Microsoft released in 1981 with its initial version of 1.0 as a for the IBM PC, making it the first game available for the new computer. It was released on a single-sided 5​ 1⁄ 4 inch disk, required 32K RAM, and; it could not be opened from DOS. Microsoft's Adventure contained 130 rooms, 15 treasures, 40 useful objects and 12 problems to be solved.

The progress of two games could be saved on a diskette. Later versions of the game moved away from general purpose programming languages such as C or Fortran and were instead written for special interactive fiction engines, such as Infocom's.In addition to strict ports of the game, variations began to appear, typically denoted by the maximum number of points one could score in the game; the original version by Crowther and Woods had a maximum of 350 points. Russel Dalenberg's Adventure Family Tree page provides the best (though still incomplete) summary of different versions and their relationships.A generic version of the game was developed in 1981 by Graham Thomson for the as the Adventure-writing kit. This stripped-down version had space for 50 rooms and 15 objects and was designed to allow the aspiring coder to modify the game and thus personalize it. The game's code was published in April 1982.Dave Platt's influential 550-point version (released in 1984) was innovative in a number of ways.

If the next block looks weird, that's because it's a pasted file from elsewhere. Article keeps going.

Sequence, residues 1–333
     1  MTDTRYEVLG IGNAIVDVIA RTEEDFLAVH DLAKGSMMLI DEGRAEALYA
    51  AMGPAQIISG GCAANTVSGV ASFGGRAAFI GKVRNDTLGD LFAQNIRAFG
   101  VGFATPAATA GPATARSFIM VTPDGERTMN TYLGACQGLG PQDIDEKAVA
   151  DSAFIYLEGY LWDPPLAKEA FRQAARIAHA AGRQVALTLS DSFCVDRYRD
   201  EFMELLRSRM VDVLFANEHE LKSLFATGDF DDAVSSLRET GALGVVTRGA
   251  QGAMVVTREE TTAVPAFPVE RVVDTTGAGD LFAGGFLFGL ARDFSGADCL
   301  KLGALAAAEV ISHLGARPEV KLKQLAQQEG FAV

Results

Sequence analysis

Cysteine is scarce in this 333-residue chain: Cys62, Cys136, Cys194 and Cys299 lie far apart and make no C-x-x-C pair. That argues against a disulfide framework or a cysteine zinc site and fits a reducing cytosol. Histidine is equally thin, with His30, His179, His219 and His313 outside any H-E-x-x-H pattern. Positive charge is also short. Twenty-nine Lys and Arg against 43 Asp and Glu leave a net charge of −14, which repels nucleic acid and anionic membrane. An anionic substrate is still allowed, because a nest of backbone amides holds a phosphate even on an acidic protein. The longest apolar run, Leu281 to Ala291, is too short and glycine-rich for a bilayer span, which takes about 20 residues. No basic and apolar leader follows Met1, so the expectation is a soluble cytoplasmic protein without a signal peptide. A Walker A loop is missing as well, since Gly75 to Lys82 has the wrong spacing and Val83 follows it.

Colossal cave adventure game

It broke away from coding the game directly in a programming language such as FORTRAN or C. Instead, Platt developed A-code – a language for adventure programming – and wrote his extended version in that language.

The A-code source was pre-processed by a FORTRAN 77 (F77) 'munger' program, which translated A-code into a text database and a tokenized pseudo-binary. These were then distributed together with a generic A-code F77 'executive', also written in F77, which effectively 'ran' the tokenized pseudo-binary. Platt's version was also notable for providing a randomized variety of responses when informing the player that, for example, there was no exit in the nominated direction, introducing a number of rare 'cameo' events, and committing some outrageous puns. Dave Platt's 550-point version of Colossal Cave – perhaps the most famous variant of this game other than the original, itself a jumping-off point for many other versions including Michael Goetz's 581 point version – included a long extension on the other side of the View. Eventually, the player descends into a maze of catacombs and a 'fake Y2'. If the player says 'plugh' here the player is transported to a 'Precarious Chair' suspended in midair above the molten.